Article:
“I’m with her” or “we’re with her”? Personal versus group leader-based identities and types of political participation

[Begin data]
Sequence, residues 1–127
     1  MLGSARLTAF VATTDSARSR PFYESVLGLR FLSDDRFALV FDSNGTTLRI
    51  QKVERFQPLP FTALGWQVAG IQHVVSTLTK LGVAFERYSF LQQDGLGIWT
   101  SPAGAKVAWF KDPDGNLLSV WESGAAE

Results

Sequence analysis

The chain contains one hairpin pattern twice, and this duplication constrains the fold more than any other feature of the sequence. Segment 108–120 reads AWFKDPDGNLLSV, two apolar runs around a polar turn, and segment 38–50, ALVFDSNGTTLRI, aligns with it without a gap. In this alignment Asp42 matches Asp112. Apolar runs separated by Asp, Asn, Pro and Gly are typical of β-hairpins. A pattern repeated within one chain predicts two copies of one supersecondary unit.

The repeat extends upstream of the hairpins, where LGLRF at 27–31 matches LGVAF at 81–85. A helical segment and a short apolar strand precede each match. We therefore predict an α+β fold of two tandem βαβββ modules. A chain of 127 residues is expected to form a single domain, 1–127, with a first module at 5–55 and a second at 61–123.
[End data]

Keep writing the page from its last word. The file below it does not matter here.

In a region where personalistic politics and charismatic leaders have long been a characteristic of the political landscape, there has been little research exploring the relationship between individuals’ identification with leaders and its relationship with political participation. Using original survey data from Argentina in 2016, the findings from this study demonstrate a few key points. Firstly, that identities form around political leaders and that identification plays an important role in political participation. Secondly, while personal identification with a leader is related with atomized and collective participation, the relationship between collective identification that is shared with other supporters of the political leader and both types of participation is even stronger. Additionally, these identification measures are more strongly associated with political action in support of a leader than frequently used variables such as partisan identification and ideology. This suggests that the study of political participation, especially in those contexts with more personalized political systems such as are often found in Latin America, should not ignore the role of personal and especially group leader-based identity.
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